RNC Platform Pushes Amendment to Curb Federal Regulations

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By Patrick Gregory

July 20 — The Republican Party's 2016 platform gave a boost to a growing movement for a constitutional amendment targeted at over-regulation.

Congressional approval should be required before major new regulations take effect, “such as through the Regulation Freedom Amendment,” the platform says.

According to the American Opportunity Project, an organization that supports the RFA, the amendment says:

Whenever one quarter of the Members of the U.S. House or the U.S. Senate transmit to the President their written declaration of opposition to a proposed federal regulation, it shall require a majority vote of the House and Senate to adopt that regulation.

The RFA already has support from 19 legislative chambers in 12 states, Dan Greenberg, a director and counsel at the AOP, Little Rock, Ark., told Bloomberg BNA by telephone July 20.

‘Nanny State.'

The RFA's impetus was a “sentiment that regulation is not only too large and too powerful,” but also “out of control because it's not democratically governed,” Greenberg said.

The platform calls over-regulation “the quiet tyranny of the ‘Nanny State.' ”

The Constitution grants all legislative powers to Congress, it says.

But “Congress has delegated increasing amounts of legislative authority to executive departments, agencies, and commissions, laying the foundation for today's vast administrative state.”

Federal agencies improperly “legislate as if they were Congress” and “decide guilt and issue penalties as if they were courts,” the platform says.

“If there's a federal law that has bad consequences, there's a pretty easy recourse, which is you can get your elected representative to solve the problem,” Greenberg said.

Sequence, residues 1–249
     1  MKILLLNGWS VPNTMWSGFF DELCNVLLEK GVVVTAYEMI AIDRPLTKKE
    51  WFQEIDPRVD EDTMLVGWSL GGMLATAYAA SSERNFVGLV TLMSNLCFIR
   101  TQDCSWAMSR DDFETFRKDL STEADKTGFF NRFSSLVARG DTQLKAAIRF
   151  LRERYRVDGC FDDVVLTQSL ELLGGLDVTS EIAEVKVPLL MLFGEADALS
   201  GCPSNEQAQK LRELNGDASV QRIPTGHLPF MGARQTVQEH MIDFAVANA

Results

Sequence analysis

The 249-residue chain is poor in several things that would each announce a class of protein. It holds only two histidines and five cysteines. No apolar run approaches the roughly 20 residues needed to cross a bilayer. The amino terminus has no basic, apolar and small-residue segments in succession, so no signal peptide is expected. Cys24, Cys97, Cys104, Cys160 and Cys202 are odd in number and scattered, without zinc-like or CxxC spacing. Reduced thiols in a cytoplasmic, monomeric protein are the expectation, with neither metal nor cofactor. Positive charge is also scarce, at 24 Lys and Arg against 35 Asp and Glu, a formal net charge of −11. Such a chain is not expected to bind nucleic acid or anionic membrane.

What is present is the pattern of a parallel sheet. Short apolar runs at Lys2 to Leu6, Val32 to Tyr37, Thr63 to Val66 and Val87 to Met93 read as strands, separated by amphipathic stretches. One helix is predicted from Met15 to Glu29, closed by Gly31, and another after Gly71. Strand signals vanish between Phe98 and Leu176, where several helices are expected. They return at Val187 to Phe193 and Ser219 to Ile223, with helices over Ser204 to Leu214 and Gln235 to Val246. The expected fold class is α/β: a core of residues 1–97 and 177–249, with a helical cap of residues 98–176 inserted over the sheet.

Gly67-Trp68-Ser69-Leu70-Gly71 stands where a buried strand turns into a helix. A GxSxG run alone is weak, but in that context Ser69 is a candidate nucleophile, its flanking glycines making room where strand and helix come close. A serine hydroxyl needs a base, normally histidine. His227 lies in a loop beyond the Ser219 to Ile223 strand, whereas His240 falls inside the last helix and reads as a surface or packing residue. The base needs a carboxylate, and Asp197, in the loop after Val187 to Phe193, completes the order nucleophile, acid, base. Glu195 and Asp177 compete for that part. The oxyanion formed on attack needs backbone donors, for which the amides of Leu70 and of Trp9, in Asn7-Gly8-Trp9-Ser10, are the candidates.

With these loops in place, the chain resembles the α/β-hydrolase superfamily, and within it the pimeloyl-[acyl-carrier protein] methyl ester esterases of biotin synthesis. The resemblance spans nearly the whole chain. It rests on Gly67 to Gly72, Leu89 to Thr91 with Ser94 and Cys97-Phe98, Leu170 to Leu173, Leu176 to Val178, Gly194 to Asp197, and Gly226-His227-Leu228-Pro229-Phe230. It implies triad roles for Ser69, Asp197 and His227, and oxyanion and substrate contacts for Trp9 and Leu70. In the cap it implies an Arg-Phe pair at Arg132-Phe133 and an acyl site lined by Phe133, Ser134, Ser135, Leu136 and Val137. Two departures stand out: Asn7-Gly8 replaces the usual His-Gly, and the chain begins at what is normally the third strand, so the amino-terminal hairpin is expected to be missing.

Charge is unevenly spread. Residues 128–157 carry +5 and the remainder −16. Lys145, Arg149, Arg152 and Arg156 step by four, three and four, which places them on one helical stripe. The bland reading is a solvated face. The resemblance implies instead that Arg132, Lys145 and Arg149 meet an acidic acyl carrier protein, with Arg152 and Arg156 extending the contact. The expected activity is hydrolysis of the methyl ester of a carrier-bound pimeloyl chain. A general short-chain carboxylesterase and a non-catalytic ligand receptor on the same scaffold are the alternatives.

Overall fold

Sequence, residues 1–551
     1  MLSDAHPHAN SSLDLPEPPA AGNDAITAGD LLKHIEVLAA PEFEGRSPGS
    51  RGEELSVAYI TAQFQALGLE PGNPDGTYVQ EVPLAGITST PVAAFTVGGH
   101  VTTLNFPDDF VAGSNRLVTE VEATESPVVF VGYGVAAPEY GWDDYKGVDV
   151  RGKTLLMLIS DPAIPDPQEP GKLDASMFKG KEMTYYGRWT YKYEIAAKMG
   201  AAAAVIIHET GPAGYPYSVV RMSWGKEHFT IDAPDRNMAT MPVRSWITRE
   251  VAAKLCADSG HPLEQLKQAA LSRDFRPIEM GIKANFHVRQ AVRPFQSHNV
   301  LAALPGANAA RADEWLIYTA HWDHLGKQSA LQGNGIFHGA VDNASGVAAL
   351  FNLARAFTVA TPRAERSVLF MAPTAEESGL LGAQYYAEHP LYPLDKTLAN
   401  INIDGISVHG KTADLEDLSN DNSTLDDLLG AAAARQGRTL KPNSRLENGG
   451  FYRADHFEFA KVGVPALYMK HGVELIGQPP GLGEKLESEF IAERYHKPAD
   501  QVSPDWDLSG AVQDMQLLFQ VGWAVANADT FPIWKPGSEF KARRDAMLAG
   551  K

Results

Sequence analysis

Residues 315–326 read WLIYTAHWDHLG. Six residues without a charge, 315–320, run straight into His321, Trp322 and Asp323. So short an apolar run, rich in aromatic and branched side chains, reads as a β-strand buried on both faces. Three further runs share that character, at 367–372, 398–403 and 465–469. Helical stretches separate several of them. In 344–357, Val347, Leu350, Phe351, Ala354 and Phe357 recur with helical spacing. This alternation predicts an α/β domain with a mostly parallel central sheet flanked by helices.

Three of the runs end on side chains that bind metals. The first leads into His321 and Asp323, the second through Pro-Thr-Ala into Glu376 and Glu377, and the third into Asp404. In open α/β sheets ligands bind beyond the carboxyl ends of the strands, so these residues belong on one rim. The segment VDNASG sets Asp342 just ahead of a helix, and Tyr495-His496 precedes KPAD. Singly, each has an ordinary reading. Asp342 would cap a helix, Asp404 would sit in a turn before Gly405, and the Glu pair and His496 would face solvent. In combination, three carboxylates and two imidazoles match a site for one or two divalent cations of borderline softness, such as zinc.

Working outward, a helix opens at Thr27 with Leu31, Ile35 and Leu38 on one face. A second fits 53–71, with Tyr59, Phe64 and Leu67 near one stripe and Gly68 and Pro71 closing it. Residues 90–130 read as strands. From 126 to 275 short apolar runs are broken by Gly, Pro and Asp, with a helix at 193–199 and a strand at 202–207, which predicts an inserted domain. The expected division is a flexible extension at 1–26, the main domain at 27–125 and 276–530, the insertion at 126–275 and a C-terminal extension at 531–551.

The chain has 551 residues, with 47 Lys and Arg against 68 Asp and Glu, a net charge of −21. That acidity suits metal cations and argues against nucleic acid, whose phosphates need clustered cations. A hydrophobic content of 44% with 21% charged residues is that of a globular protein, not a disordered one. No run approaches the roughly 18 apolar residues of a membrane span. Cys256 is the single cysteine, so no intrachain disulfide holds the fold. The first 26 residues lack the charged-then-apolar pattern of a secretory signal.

But “the solution is less obvious” for problematic regulations “because you don't have direct government control over the regulators and you don't have the same kind of accountability,” he said.

The RFA would result in a “different constitutional system in which Congress has more control and unelected and unaccountable regulators have less control over regulations,” he said.

Unifying Force?

The RFA movement coalesced “a couple of years ago” and is getting wide support in the Republican party, Greenberg, himself a Republican, said.

The AOP's website lists a number of governors, state legislative leaders, business groups and conservative leaders who support the RFA.

That list includes Mike Pence, who is Republican presidential nominee Donald Trump's choice for vice president and is the current governor of Indiana.

However, Trump and his campaign “have not yet taken a position” on the RFA, Greenberg said.

The Trump campaign didn't immediately respond to a request for comment.

Two of Trump's primary opponents—Ohio Gov. John Kasich (R) and Sen. Ted Cruz (R-Texas)—also support the RFA, Roman Buhler of The Madison Coalition, McLean, Va., told Bloomberg BNA by telephone July 20.

“They both told me that personally,” Buhler said.

The Madison Coalition initiated the RFA effort, Buhler—who serves on its governing board along with Greenberg—said. The Madison Coalition is an advocacy group supporting states' ability to propose Constitutional amendments.

Buhler credits legislative leaders in Idaho, Indiana and Tennessee with helping start the movement.

“They started early and made this thing happen in their respective legislative chambers,” Buhler said.

Now, the movement has “just pages and pages of supporters,” which speaks to how it has been “successful in reaching across the different factions of what I guess is in some way a divided Republican party,” Greenberg said.

“The fact is that there are a lot of activists and a lot of citizens who think” Congress's “powers are insufficiently respected and regulators' powers have essentially too much rein,” Greenberg said.

Possible Shortcut

The RFA could amend the Constitution with approval from two-thirds of state legislatures, Greenberg said.

But there's also a path to victory “without actually reaching the 33 state threshold,” he said.

“Because at a certain point, Congress sees all these states proposing that the Constitution be amended,” he said.

Historically, when the number of states supporting an amendment reaches 25 to 30, Congress has taken over the amendment process, he said.

That allows Congress to remain “in the driver's seat” and to avoid a constitutional convention being called by the states under Article V, he said.

“All we need to do is just push Congress to take action,” Greenberg said.

To contact the reporter on this story: Patrick L. Gregory in Washington at pgregory@bna.com

To contact the editor responsible for this story: Jessie Kokrda Kamens at jkamens@bna.com

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